The April 17, 1912 edition of The New York Times noted that "the Lincoln Memorial Commission by a close vote decided to-day to recommend to Congress the design for a memorial to Abraham Lincoln submitted by Henry Bacon, a New York architect.
"Mr. Bacon's design, already approved by the Commission of Fine Arts, calls for a rectangular marble structure surrounded by Doric columns, each forty feet high, not unlike the Treasury Building here except that there is to be only one story. The statue of Lincoln, designs for which are yet to be submitted, will stand on a pedestal at one end of the structure. On one wall will be Lincoln's Gettysburg address, probably in bronze, and on the opposite wall his second inaugurate address....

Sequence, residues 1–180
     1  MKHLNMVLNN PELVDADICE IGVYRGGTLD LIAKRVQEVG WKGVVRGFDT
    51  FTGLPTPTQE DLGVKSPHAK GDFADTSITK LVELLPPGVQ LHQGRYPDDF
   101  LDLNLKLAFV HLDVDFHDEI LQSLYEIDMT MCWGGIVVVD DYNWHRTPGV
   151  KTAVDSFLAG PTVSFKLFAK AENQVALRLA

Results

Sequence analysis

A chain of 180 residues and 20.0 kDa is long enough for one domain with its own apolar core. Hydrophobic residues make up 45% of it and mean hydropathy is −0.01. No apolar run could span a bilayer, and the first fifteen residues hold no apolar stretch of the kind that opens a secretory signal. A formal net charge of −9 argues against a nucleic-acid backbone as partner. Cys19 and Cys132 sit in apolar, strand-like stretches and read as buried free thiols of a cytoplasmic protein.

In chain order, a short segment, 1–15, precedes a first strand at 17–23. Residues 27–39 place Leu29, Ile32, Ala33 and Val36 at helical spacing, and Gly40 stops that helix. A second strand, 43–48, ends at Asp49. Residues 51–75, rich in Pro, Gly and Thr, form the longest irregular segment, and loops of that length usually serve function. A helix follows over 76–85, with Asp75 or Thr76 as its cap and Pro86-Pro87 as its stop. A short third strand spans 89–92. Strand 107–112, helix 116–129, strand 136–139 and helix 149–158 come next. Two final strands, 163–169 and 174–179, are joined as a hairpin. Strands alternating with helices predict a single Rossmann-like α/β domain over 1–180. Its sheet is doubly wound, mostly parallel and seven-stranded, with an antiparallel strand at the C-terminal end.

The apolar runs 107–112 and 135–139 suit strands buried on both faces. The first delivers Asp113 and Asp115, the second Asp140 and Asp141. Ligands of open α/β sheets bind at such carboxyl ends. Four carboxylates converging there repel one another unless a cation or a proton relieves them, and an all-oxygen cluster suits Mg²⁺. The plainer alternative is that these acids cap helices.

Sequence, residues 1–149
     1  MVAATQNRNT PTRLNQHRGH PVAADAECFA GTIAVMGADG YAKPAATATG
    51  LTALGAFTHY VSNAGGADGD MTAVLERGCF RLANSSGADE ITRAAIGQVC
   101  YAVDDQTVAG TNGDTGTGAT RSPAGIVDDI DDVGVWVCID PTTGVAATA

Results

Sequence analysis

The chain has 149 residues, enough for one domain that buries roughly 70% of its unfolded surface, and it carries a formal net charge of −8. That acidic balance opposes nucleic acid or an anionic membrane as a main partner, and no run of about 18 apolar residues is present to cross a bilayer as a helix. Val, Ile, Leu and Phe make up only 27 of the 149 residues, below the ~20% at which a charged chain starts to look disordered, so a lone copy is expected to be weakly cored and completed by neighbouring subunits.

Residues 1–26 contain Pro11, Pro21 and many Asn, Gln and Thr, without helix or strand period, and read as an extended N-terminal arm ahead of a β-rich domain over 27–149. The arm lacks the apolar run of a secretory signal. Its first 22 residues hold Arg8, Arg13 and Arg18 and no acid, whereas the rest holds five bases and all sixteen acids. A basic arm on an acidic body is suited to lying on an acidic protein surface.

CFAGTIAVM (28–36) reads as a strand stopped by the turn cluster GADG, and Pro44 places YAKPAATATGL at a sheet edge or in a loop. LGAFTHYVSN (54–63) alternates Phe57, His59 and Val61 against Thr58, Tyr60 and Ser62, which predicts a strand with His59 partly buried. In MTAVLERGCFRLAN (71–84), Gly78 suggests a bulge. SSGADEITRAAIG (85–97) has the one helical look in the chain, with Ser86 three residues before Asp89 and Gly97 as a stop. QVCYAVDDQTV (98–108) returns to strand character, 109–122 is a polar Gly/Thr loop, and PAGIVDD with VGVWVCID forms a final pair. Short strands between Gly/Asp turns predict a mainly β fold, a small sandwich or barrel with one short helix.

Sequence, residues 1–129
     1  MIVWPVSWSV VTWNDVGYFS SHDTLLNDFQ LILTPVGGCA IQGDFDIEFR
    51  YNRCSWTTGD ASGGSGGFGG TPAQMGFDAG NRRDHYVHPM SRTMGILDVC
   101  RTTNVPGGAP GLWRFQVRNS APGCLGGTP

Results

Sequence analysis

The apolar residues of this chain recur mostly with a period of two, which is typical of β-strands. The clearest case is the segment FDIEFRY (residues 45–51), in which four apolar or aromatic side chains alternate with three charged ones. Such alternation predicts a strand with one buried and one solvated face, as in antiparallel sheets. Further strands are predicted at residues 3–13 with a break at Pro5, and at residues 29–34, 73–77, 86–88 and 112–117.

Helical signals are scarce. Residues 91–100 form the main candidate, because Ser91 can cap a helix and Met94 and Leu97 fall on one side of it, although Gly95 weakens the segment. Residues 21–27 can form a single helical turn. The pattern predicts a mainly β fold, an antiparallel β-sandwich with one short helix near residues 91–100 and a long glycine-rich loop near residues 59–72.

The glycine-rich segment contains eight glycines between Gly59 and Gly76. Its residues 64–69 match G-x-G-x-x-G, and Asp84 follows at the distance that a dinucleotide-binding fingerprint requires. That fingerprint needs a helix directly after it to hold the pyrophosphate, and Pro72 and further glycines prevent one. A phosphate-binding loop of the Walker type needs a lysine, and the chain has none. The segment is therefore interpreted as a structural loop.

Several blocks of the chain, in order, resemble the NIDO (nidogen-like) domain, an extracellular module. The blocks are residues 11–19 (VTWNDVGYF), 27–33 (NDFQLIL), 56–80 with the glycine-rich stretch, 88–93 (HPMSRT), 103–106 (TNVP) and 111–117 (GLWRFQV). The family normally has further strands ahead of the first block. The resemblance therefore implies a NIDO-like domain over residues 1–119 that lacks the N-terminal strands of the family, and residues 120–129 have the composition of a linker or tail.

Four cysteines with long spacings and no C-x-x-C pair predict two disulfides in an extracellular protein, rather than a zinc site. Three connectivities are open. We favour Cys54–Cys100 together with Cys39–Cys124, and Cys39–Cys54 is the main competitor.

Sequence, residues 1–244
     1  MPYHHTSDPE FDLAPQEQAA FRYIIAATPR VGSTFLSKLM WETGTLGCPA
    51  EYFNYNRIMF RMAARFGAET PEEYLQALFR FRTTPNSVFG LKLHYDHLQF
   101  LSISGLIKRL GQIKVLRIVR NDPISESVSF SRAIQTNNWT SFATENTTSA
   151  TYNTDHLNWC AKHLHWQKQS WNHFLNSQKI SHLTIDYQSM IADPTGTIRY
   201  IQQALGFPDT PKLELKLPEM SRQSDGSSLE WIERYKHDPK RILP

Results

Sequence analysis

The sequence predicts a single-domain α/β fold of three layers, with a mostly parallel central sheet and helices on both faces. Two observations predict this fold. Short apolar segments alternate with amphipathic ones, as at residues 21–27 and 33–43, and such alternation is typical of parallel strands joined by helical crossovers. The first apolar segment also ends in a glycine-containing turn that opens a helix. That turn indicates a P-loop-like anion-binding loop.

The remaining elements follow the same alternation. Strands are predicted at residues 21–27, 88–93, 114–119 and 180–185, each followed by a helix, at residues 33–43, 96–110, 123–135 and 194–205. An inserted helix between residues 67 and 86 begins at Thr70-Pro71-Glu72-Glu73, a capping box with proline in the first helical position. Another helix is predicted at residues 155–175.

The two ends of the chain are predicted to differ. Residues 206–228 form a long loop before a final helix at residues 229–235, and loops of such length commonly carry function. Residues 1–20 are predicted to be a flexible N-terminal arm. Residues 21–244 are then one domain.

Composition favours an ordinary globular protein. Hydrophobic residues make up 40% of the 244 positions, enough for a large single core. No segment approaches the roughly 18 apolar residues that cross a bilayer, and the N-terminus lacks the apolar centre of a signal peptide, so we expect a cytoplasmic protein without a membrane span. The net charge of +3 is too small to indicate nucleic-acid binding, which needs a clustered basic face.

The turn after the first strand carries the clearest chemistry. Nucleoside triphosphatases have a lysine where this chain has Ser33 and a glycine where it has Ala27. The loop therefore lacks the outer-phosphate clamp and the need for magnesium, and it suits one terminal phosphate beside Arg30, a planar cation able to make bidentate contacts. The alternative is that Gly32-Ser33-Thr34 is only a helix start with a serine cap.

"Russell Pope, another New York architect, was the only other architect whose design was considered at to-day's meeting."
John Russell Pope might have lost that commission, but he too eventually designed a major presidential memorial: the Jefferson Memorial, dedicated in 1943, six years after he died.